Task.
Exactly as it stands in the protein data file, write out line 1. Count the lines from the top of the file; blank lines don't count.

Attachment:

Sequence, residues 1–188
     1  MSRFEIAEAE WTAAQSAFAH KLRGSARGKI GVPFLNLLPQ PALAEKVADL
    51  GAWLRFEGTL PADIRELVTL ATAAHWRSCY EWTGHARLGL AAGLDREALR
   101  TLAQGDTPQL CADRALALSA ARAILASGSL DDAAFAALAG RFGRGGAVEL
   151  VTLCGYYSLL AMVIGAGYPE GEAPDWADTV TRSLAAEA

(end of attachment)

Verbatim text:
Sequence, residues 1–188